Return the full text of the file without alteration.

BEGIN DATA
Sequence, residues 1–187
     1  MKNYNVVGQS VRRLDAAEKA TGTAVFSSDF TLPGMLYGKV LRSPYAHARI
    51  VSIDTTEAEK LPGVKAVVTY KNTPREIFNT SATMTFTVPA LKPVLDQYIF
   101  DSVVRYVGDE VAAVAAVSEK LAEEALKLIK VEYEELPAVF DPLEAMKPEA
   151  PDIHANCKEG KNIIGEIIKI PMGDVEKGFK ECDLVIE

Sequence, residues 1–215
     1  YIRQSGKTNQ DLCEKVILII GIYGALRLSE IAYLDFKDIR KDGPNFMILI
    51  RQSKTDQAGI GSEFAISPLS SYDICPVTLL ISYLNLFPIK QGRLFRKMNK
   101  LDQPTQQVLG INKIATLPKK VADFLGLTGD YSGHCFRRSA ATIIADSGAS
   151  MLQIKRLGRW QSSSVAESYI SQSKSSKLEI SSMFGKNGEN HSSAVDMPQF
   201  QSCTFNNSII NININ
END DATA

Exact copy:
Sequence, residues 1–187
     1  MKNYNVVGQS VRRLDAAEKA TGTAVFSSDF TLPGMLYGKV LRSPYAHARI
    51  VSIDTTEAEK LPGVKAVVTY KNTPREIFNT SATMTFTVPA LKPVLDQYIF
   101  DSVVRYVGDE VAAVAAVSEK LAEEALKLIK VEYEELPAVF DPLEAMKPEA
   151  PDIHANCKEG KNIIGEIIKI PMGDVEKGFK ECDLVIE

Sequence, residues 1–215
     1  YIRQSGKTNQ DLCEKVILII GIYGALRLSE IAYLDFKDIR KDGPNFMILI
    51  RQSKTDQAGI GSEFAISPLS SYDICPVTLL ISYLNLFPIK QGRLFRKMNK
   101  LDQPTQQVLG INKIATLPKK VADFLGLTGD YSGHCFRRSA ATIIADSGAS
   151  MLQIKRLGRW QSSSVAESYI SQSKSSKLEI SSMFGKNGEN HSSAVDMPQF
   201  QSCTFNNSII NININ